Upon receiving the information, the source said Akeredolu immediately mandated Ajayi to work with them and ensure the release of the boys. The source said it took the deputy governor about 10 days of negotiations with the militants before the abductees were eventually released.
“Agboola had to enter into negotiations with the men of naval base and the marine police to vacate the waterways which was heavily secured to allow the militants free movement from Lagos to Ondo State. Part of the terms reached with Agboola Ajayi was that the militants demanded for amnesty from the federal government, with a promise to lay down their arms to ensure peace, safety of lives and properties on the waterways.
“The heavy presence of the security men on the waterways from the Ise river in Lagos to Agerige in Ese Odo Local Government area of Ondo State almost thwarted the rescue mission but the militants lived up to their words after they were able to gain entry to Ondo State region,” the security source said.
He said the deputy governor and other officials were on the waterways for over nine hours while it rained heavily, waiting for instructions from the boys’ abductors before the militants, who were about 40 took the team to the inner parts of the creek.
“The deputy governor risked his life by ordering his security personnel to stay at Igbokoda in Ilaje Local Government while the Commander of the Naval Base was furiously against the deadly move.
“The militants had threatened bloodshed if they see any security operatives with the deputy governor, threatening to kill all the boys. It would have been more suicidal for the militants to abduct the armless Agboola and his team, who were without any security details and would have been the first deputy governor to be abducted.
“But with the assurance from Agboola that the militants will live up to their promise, we embarked on the rescue mission. We were soaked because we stayed in the rain for almost eight hours waiting for the militants to show up,” he said.
The source said the militants showed their readiness to release the boys when they asked us to buy food for the boys. They were friendly with the boys from their interaction while the boys waved to them after their release.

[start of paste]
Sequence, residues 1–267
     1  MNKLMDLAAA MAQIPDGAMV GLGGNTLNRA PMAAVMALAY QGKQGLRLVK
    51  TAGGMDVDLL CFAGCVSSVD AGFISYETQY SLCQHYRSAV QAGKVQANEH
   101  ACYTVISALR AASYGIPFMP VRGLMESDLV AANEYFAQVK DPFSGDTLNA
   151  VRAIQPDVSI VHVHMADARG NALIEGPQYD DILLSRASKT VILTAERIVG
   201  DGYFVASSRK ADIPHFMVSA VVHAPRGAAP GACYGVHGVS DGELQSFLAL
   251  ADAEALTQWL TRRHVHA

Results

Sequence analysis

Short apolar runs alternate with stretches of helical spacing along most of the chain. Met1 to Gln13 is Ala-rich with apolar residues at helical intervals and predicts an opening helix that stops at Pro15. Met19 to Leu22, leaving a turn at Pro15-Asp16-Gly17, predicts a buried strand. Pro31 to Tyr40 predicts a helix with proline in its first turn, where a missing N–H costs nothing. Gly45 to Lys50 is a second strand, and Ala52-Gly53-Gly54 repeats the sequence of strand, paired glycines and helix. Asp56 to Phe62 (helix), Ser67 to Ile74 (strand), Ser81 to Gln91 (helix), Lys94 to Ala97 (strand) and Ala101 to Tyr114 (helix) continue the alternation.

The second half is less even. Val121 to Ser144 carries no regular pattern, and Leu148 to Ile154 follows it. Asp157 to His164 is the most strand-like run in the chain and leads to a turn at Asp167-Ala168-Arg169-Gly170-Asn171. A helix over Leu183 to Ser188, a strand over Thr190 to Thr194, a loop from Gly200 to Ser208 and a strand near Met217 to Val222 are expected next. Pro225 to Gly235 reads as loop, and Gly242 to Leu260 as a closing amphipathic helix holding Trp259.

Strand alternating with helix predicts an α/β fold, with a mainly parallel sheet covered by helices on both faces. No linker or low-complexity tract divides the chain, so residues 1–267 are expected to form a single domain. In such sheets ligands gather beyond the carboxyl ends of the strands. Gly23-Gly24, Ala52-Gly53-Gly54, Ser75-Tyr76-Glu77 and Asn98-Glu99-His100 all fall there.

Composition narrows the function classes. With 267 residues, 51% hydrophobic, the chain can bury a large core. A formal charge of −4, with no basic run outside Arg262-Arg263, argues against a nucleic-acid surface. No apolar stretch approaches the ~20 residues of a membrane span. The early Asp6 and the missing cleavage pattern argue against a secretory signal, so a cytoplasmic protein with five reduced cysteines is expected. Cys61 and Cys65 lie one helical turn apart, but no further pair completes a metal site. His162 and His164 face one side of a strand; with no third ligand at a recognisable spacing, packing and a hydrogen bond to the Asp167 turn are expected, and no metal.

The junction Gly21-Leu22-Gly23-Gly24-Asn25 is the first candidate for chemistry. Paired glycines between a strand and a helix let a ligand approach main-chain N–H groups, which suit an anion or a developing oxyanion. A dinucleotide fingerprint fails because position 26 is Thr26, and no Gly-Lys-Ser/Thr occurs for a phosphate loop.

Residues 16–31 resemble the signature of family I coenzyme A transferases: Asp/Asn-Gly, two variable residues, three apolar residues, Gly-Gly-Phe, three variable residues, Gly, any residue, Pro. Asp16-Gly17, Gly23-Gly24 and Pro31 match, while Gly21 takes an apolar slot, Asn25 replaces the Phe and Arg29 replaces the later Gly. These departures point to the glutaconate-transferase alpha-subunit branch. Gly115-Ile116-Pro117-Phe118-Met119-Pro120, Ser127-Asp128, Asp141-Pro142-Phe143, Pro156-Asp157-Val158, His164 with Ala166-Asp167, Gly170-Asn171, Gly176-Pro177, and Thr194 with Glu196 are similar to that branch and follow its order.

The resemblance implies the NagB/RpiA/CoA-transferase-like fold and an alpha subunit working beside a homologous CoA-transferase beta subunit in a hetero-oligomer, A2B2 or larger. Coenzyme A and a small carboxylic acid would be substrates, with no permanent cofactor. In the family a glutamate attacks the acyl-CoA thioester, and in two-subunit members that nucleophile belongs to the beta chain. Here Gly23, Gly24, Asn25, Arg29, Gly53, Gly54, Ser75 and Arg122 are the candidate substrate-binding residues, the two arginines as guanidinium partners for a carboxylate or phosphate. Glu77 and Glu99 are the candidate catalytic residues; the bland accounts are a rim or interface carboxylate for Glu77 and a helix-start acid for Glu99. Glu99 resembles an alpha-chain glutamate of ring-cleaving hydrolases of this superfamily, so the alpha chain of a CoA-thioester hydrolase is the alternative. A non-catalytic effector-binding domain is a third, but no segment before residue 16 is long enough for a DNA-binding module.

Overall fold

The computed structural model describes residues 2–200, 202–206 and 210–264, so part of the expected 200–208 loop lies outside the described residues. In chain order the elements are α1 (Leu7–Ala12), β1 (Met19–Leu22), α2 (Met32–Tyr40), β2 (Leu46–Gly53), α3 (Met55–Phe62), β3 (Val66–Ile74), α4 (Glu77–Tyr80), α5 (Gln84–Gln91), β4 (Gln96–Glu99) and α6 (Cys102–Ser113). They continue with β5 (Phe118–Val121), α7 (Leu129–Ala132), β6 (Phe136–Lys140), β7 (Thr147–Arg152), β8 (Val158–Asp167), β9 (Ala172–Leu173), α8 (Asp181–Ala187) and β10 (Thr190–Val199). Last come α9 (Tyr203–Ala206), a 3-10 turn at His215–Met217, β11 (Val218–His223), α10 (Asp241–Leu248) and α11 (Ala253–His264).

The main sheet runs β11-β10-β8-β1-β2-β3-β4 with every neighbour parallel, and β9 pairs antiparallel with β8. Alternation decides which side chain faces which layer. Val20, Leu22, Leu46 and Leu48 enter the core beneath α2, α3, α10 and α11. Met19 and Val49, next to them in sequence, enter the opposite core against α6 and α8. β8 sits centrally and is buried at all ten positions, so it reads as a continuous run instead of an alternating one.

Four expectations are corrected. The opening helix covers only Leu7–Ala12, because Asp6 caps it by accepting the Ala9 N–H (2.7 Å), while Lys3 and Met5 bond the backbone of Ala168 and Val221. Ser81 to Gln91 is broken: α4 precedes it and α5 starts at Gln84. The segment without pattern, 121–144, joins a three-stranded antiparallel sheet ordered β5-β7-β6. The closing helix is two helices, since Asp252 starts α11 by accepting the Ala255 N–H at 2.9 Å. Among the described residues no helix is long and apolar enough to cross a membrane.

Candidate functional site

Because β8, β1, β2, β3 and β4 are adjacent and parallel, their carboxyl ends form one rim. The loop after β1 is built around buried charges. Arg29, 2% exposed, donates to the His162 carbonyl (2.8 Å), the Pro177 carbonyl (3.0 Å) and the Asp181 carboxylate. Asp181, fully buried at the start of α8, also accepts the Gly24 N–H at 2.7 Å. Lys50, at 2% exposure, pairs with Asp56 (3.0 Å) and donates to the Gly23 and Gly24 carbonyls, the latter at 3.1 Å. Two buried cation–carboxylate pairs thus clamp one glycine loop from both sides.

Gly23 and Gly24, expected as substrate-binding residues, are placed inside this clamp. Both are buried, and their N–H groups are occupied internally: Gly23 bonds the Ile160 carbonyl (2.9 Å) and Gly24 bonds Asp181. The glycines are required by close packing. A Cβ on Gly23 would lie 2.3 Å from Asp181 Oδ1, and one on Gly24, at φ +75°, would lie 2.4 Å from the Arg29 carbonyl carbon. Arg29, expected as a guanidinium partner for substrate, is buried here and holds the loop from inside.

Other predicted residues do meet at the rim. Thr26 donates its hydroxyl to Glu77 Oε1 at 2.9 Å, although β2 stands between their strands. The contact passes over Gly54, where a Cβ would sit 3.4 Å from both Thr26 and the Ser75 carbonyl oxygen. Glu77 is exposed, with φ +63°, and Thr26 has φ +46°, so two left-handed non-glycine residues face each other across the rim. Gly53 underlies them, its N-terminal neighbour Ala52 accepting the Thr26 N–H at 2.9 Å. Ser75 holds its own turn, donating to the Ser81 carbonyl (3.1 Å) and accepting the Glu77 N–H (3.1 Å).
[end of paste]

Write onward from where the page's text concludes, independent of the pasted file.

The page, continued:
The security source said the only deal the militants, who spoke in Pidgin English all through the negotiation period, demanded was for the state government to plead with President Muhammadu Buhari to grant them amnesty.
He said the boys told them that a leader was chosen among them and named “General Saka”, who coordinated and controlled the activities of his mates in the kidnappers’ den, adding that “The boys told us they ate Eba for weeks before they revolted that their abductors should introduce other food, which was granted. They also told us that they were not maltreated except once when they had to make their parents believe they were in danger. One of them disclosed that the militants did go on hunting expedition to feed them with bush meat.”
Recounting the ordeals of their boys, one of the parents, who pleaded anonymity, said while conversing with her son after his release, he confirmed they were moved from one camp to the other.
Decrying the fact that they were exposed to cold, she said her son, who was recuperating while in school fell sick again in the kidnappers’ den, noting that the reason they did not want their kids to speak to the press was because, “Honestly, I do not want to expose my son to any danger. It is true he fell sick at the camp because we were told then.
“He was kidnapped while he was recuperating from an illness and so, I think the environment they were kept and the trauma made him sick again. He was examined on Friday night and the doctors asked that we return to the hospital. But he is okay now.
“My son said there was a time the kidnappers were beating them. He also said at a point, they were starved. He said that they were moved from one camp to the other and that it got to a point, where they started cooking their food themselves.”